Delicious vs. Digg

Brian Clark has published in the performancing blog three reasons why Delicious is better than Digg and this in order to a recent publication of him that was promoted both in Digg’s front page and in Delicious’s popular top.

Let’s see the three reasons for which he thinks Delicious is better and also a few own opinions that show the opposite:

3 reasons why Delicious is better than Digg


Reason #1: Bookmarks are enduring

Though it is true that we keep a web site to return when we have more time; mostly, the users of Delicious view the page as a resource to which they will be able to return again and again. With Digg, the user simply votes, being able to provide, or not, traffic. Digg has a short term effect.

Reason #2: Bookmarks show commitment

Narrowly tied to the previous idea, the Delicious user compromises himself with the web site, adding it to his collection of favorite links; and this, probably, because the resource provides a benefit to him. Then, other Delicious users notice this commitment, giving major credibility to the resource, which turn to more bookmarks.

I believe that this one is one of the main reasons why in a day Delicious turns into many subscribers and readers who return; while often the same exhibition in Digg is not like that.

Reason #3: Each bookmark is a targeted link

This is the real power of the social bookmarks. Each bookmark that your web receives in Delicious is an independent link, which is segmented by tags that define their relevancy for a subject matter; and besides, it is necessary to bear in mind the anchor text (text of the link) that is received, which is very useful for the search engines. Social marked, plays an important role in the evolution of web search, and the Digg model omits this aspect.

Not notice Digg?

In general, it is necessary to continue struggling to obtain bookmarks and diggs, since both have a bit of synergy between them.


Objections to the reasons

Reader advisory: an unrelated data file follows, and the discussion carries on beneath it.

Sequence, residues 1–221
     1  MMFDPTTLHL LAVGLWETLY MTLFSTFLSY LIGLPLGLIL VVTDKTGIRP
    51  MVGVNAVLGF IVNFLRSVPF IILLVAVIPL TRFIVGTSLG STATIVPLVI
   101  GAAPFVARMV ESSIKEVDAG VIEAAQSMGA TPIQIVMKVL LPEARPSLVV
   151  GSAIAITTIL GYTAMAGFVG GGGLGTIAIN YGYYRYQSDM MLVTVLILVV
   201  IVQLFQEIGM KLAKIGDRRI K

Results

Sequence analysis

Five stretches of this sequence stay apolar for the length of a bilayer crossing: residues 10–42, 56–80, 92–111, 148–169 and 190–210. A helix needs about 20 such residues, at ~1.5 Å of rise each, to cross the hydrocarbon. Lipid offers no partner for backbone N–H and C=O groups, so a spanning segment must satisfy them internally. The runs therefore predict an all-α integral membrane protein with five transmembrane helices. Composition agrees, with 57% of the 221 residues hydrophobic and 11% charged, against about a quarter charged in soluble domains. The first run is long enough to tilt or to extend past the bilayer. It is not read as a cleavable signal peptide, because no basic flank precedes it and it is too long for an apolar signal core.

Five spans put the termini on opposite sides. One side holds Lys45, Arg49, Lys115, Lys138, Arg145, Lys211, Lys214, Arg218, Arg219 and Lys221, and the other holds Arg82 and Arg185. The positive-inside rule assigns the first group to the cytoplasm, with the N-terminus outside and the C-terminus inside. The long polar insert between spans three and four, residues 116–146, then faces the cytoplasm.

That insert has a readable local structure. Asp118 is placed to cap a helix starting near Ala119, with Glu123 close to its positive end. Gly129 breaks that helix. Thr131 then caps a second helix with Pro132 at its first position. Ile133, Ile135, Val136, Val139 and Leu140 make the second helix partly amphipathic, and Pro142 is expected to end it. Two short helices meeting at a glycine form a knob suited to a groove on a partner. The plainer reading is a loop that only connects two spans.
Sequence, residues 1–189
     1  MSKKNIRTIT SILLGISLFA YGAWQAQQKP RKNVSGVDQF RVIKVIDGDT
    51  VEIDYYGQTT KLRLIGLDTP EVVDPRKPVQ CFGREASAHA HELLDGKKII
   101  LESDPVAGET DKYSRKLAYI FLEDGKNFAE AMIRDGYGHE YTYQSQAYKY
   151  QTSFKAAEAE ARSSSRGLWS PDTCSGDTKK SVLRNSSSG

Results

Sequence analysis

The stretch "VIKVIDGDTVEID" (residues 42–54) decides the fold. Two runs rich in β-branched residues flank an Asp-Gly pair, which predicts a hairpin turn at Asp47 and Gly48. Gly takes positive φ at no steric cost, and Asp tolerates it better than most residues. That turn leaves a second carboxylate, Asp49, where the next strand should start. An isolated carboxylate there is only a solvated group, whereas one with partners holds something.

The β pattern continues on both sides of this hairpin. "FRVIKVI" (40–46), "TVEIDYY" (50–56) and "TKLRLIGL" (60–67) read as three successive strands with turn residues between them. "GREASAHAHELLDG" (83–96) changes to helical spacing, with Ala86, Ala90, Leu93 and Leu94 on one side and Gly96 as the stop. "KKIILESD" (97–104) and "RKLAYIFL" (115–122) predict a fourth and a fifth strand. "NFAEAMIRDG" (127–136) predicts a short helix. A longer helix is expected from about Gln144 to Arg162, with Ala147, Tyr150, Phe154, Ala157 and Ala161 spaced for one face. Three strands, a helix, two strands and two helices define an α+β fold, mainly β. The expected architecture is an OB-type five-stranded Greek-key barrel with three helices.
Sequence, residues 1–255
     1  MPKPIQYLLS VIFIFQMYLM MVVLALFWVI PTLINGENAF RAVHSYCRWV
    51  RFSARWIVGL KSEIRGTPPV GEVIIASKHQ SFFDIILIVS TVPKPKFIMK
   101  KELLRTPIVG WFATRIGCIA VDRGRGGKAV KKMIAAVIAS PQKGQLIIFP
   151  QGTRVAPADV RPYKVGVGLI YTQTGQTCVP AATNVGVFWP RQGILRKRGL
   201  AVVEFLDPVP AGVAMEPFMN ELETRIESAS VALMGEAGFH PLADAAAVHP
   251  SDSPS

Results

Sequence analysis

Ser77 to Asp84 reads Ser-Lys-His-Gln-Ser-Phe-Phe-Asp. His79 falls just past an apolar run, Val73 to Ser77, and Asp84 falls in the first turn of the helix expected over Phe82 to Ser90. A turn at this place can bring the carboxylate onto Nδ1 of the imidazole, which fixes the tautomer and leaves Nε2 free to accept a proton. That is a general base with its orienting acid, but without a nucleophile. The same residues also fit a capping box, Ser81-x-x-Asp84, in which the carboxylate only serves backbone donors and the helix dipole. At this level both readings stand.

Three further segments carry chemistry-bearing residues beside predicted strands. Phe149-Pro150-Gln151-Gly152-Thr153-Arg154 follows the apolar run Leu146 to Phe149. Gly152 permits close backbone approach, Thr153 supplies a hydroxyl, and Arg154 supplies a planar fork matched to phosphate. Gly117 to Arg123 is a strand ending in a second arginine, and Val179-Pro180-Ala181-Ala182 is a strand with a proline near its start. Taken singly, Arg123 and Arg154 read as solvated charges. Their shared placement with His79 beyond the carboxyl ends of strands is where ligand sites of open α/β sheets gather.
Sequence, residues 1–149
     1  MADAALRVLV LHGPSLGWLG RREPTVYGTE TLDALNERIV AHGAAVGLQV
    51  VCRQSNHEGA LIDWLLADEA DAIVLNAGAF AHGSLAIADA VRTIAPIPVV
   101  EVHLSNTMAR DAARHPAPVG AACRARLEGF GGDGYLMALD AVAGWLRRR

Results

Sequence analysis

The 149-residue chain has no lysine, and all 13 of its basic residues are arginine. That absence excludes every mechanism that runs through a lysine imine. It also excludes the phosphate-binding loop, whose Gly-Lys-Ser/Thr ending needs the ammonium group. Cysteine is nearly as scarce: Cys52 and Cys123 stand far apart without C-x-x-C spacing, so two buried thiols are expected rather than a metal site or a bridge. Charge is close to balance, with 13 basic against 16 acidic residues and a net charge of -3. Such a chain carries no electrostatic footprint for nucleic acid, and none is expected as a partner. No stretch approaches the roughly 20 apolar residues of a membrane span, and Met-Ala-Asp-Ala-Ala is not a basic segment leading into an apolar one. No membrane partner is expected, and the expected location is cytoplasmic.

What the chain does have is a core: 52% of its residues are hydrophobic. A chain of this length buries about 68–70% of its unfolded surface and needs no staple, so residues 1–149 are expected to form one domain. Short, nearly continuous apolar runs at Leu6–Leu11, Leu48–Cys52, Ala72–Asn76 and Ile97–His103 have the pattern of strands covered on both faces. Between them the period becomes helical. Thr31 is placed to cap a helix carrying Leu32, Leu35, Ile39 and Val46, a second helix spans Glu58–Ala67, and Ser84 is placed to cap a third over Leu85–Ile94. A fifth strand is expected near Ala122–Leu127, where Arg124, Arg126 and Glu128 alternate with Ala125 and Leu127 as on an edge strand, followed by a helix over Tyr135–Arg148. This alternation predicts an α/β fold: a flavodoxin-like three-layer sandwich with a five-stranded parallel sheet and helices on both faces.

Even when the general ideas seem right to me, there are details that the author has not born in mind. So, as he mentioned three ideas, I am going to mention three examples that can object these reasons; but don’t think I am in favor of one or another system.

Objection #1: Seekers don’t follow the links stored in Delicious.

For a time behind Delicious has implemented the nofollow tag to all the external links to their web, with the purpose of fighting and / or avoiding spam.

Objection #2: First, front page in Digg; then, popular in Delicious.

A detail that the author doesn’t mention is that a page that manages to be front page in Digg has a lot of probabilities of being between the Delicious’s popular top. This one is a very important detail, which we can verify easily and the author has not mentioned.

Where was his article promoted first? In Digg or in Delicious?

Objection #3: Digg favors the positioning in seekers

When a Digg user votes for a new, he is storing a link in his personal account. That is to say, that the web site is linked (independently) from the front page and categories, but also, from the users’ webs, as it is in Delicious. Nevertheless, something that make them different: Digg does not use rel = “nofollow”, so their links are valuable for the positioning in seekers.


Finally to say that as Brian Clark, I think both tools Delicious and Digg, are very useful to promote a web. And they form part of a new term that I am sure will start taking force in a close future: SMO.